CHICAGO - In his recent budget address, Governor Quinn outlined several fiscal challenges facing Illinois, however, one statewide program - the Illinois Poison Center (IPC) - is easing financial burdens while protecting public health across the state. For every $1 invested in the IPC, there is a more than $13 savings in reduced health care and lost productivity, resulting in an annual return on the state’s investment of $52 million. The IPC’s 24-hour, toll-free helpline cares for nearly 82,000 poison-related cases throughout Illinois annually, with nearly 49 percent of these cases involving children ages five and under.
“The IPC operates at 75 percent the cost of the national average for poison centers. This is achieved by employing expert staff, many who rank among the highest in certification and test scores in the nation, and by leveraging relationships with key stakeholders like our state's hospitals,” said IPC Medical Director Dr. Michael Wahl. “Our standard of work provides a significant return on investment for Illinois, including preventing nearly $16 million in Medicaid costs.”
The IPC’s staff, consisting of physicians, pharmacists, nurses and other health care professionals specially trained in toxicology, treats 90 percent of cases at the site of exposure without referral to a health care facility. In 2013 alone, the IPC prevented an estimated 35,000 emergency department visits and saved approximately 20,000 ambulance runs.
“The Illinois Poison Center is not only a valuable resource for the general public, but it helps the Illinois Department of Public Health (IDPH) identify potential illness outbreaks and chemical exposure situations, such as foodborne outbreaks or mercury spills,” said IDPH Director Dr. LaMar Hasbrouck. “The Illinois Poison Center is able to collect information and data as the poisonings or illnesses are occurring, enabling IDPH to investigate potential causes and ways to reduce exposure. The Illinois Poison Center also helps IDPH develop new initiatives to address emerging public health problems, such as the current prescription drug abuse and misuse epidemic.”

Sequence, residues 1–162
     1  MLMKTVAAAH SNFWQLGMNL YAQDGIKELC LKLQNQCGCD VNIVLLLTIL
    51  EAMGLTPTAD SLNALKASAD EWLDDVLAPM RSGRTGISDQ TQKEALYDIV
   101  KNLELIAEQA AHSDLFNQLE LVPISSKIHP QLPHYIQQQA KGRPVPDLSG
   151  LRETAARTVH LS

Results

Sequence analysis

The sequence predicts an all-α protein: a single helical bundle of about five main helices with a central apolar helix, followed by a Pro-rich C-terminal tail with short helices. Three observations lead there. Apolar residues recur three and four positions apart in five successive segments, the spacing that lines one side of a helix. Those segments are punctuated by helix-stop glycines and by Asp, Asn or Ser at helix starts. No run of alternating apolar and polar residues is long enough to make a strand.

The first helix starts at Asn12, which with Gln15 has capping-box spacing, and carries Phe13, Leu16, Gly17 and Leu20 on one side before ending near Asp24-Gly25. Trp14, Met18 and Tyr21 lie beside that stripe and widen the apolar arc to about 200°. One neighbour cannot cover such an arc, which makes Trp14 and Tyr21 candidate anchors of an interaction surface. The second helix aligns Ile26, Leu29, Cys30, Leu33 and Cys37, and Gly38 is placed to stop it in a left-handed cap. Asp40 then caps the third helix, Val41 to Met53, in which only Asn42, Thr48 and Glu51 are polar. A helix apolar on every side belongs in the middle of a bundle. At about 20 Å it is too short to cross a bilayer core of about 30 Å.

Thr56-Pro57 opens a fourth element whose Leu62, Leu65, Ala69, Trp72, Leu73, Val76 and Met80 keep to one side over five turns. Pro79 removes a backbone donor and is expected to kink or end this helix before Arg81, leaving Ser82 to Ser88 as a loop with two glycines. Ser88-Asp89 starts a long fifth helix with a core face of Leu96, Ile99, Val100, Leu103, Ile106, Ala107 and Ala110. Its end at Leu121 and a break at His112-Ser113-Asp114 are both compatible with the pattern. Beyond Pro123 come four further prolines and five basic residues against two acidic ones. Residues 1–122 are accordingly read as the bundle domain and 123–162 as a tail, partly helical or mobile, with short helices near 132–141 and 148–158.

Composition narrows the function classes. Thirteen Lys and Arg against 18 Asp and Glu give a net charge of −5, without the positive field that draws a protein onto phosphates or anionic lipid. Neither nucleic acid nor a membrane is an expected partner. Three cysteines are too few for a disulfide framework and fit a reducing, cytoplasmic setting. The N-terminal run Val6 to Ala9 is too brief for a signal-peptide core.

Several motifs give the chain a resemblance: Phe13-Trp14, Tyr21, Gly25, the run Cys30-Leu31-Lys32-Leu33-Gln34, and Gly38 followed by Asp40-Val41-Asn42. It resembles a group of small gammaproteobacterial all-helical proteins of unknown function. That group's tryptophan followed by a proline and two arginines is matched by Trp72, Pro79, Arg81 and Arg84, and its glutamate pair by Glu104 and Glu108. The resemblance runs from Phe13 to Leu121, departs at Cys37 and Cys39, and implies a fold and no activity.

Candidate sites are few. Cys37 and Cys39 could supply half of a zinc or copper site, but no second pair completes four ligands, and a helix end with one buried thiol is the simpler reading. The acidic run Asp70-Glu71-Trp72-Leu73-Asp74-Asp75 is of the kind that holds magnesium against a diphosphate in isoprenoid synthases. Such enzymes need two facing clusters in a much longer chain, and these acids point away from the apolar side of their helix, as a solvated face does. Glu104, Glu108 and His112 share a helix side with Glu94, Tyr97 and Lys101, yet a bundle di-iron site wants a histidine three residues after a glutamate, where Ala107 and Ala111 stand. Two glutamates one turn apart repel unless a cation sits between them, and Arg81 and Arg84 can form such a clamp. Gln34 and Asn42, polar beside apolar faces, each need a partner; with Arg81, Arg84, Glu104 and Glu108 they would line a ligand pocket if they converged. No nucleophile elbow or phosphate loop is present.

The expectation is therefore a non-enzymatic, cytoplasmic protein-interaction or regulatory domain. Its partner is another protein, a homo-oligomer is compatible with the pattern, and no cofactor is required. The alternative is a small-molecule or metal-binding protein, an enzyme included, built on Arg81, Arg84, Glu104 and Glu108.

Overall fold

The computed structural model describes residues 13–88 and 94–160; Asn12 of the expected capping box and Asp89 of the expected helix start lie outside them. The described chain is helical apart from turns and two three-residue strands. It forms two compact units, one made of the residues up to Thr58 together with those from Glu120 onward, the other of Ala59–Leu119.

Although the IPC is a proven life and cost-saving resource for Illinois, due to decreases in the public investment, the state’s only poison center is facing closure on July 1, 2014 if a sustainable funding source is not established. Legislation led by State Senator Don Harmon and Representative Camille Lilly to save the IPC has passed through the Senate and House of Representatives committees and is on second reading.
“If we allow Illinois to become the only state in the nation without poison center services, we are putting tens of thousands families at risk each year,” said Representative Lilly. “I am proud to sponsor legislation that not only saves the lives of children and adults across this state, but is only a wise and important investment.”
Please click here for more information on the Illinois Poison Center’s funding efforts.
If you or someone you know has been exposed to a potentially harmful substance, please call the IPC at 1-800-222-1222.
The Illinois Poison Center is a non-profit health service that provides the people of Illinois with comprehensive and trusted information and treatment advice on potentially harmful substances via a free, confidential 24-hour hotline staffed by specially trained doctors, nurses and pharmacists.